While the cruel facts of life and employment kept me from attending the Tokyo Game Show this year (again), I recently received a souvenir of the event in the mail -- the Level-5 Platinum demo cartridge. I then spent the next two days playing through the most prominent title on the cart, Ninokuni : The Another World.
I am so definitely buying this game at the first possible opportunity.
Where do I start? The story seems interesting from what can be seen in the demo, though the actual opening scenes have largely been replaced by a fairy-tale style narration that neatly avoids certain details that I already know about the backstory. The two main characters play off each other well, with Oliver's innocent ignorance standing in contrast to Shizuku's worldwise, Osaka-accented banter. Minor asides, comments, and allusions all hint at things to come.
Graphically, this game is about the best I've ever seen on the DS, rivalling or surpassing most late-PS2 titles in my opinion. Several minor scenes in the demo were shown using the game's own 3D engine, and it worked quite well. The attention to detail in each area is amazing, with all sorts of little touches -- from marching ants in the forest to graffiti in Goronel Town, everything adds up to present the player with the impression of a vibrant, real world.
"Graphically, this game is about the best I've ever seen on the DS."
And then there's the animation. This is Ghibli's department, and the results are cinematic in scope. In the past year or so, since the newest video codec for DS entered the market, I've been seeing more and more video in DS games. Some of it even approaches TV-quality, but rarely have I seen it outside of opening sequences. A few games I can remember having three or four such animated cut-scenes for the entire length of the game. Ninokuni has three in the demo, the first one being almost a minute in length.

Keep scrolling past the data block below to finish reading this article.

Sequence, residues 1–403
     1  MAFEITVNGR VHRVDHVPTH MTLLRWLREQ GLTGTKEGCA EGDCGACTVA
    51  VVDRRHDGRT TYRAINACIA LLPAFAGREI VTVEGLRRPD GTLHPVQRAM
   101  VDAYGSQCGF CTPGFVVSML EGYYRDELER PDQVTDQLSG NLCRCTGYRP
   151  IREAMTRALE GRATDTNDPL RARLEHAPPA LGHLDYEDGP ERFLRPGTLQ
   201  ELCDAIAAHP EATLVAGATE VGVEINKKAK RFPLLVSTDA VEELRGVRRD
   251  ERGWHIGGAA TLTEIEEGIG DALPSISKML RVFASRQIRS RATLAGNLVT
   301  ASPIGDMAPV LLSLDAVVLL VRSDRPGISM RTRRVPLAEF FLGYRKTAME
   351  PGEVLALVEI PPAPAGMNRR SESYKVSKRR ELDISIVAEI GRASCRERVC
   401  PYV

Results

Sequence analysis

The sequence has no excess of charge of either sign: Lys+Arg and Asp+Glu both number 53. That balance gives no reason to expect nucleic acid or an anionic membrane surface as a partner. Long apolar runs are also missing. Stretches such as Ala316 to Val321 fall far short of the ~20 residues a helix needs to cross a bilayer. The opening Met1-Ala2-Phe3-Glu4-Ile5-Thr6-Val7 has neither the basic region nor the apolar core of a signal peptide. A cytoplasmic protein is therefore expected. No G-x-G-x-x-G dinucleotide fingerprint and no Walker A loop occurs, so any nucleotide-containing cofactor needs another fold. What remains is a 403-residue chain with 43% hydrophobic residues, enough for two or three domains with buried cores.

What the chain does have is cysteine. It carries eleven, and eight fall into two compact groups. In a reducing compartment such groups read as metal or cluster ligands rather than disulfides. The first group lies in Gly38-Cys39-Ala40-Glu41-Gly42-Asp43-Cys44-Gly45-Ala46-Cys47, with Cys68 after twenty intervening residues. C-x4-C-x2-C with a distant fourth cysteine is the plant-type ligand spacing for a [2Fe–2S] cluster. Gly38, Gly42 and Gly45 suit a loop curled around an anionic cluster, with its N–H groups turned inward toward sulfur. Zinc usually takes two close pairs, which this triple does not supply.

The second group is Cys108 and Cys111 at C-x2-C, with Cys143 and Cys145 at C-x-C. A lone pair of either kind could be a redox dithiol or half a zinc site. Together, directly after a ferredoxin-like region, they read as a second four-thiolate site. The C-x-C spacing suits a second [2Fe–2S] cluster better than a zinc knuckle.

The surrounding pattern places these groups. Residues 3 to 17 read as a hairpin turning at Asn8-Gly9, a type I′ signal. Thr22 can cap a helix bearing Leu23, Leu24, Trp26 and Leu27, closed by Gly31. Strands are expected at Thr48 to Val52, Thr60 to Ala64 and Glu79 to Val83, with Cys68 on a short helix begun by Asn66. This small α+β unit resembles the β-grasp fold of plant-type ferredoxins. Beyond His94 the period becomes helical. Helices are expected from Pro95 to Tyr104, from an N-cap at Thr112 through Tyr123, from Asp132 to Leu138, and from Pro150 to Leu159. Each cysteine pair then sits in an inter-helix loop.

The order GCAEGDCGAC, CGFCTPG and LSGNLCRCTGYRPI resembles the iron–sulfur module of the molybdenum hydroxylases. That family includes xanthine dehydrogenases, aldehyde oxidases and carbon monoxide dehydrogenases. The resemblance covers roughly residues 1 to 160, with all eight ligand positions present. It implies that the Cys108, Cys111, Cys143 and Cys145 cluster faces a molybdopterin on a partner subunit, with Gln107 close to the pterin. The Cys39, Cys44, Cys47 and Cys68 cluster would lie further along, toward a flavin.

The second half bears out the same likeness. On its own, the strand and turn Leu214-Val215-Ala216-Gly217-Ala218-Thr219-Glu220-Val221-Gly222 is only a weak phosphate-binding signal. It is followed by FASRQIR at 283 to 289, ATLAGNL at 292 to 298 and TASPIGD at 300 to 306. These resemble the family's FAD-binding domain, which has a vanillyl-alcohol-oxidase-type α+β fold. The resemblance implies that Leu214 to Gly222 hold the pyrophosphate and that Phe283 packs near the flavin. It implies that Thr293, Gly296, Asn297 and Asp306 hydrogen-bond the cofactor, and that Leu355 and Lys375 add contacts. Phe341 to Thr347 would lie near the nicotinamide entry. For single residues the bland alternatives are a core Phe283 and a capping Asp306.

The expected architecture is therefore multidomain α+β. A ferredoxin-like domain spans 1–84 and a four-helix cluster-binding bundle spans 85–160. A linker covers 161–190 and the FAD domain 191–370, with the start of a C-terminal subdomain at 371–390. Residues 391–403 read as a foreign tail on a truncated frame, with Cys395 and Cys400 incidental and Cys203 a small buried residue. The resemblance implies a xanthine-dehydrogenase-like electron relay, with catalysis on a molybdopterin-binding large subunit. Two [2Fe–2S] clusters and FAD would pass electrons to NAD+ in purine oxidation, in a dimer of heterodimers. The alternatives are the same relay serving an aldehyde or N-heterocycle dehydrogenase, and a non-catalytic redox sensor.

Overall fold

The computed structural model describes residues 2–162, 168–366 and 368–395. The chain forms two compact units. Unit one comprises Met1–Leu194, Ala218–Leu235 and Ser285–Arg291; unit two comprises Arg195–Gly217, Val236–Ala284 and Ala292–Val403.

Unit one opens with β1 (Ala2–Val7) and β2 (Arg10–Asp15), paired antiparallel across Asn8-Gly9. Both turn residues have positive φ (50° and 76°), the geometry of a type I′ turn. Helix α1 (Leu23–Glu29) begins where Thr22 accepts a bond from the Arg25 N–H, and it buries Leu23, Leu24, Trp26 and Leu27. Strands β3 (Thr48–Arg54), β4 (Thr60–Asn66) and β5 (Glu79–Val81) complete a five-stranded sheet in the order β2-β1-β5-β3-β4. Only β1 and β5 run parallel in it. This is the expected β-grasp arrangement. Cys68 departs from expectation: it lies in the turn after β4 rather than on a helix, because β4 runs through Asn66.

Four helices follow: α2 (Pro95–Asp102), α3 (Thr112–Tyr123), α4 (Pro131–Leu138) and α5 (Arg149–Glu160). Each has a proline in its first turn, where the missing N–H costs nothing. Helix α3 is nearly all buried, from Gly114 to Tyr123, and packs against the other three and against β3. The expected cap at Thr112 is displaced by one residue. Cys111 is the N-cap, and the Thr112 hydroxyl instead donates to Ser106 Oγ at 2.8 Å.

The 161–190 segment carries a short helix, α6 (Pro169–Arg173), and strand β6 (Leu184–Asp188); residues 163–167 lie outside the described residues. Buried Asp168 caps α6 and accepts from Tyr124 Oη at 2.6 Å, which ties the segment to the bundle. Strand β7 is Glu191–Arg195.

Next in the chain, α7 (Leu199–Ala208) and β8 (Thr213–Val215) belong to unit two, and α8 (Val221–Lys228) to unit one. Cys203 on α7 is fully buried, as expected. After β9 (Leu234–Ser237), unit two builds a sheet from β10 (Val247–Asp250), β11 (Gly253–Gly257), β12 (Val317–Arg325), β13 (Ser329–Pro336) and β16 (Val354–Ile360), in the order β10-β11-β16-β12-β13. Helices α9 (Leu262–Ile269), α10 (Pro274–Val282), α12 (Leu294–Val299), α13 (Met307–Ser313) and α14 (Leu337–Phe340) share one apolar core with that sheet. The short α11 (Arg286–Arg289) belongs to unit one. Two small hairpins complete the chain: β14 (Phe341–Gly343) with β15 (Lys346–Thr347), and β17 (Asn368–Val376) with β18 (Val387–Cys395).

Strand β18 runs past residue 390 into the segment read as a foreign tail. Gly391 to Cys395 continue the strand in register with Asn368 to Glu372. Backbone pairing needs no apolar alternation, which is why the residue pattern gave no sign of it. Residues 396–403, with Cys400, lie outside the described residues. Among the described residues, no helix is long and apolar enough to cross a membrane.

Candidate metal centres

Now for the music. Let's start with a message from Level-5, presented when I booted up the demo: "All the music was recorded by a live orchestra, so we strongly suggest you wear stereo headphones in order to enjoy it properly." At least, that's the gist of it. Does the music live up to this kind of promise? Oh, yes. A few times I just let the game sit, mid-battle, in order to enjoy the music. The main battle theme seems to be longer than most of the battles I fought. To anyone thinking of getting this game, I say: Buy the soundtrack. You will not regret it.
I don't think this is going to be a particularly difficult game. Battles are simple, though with some fun potential with the character positioning system. The plot and visuals are the sorts of things Ghibli normally is associated with, making this a good bet for the younger crowd. All in all it was a welcome reprieve from some of the heavier titles I've been playing recently. I can only wish for one thing -- a copy of the actual game, so I can found out what happens next in Goronel!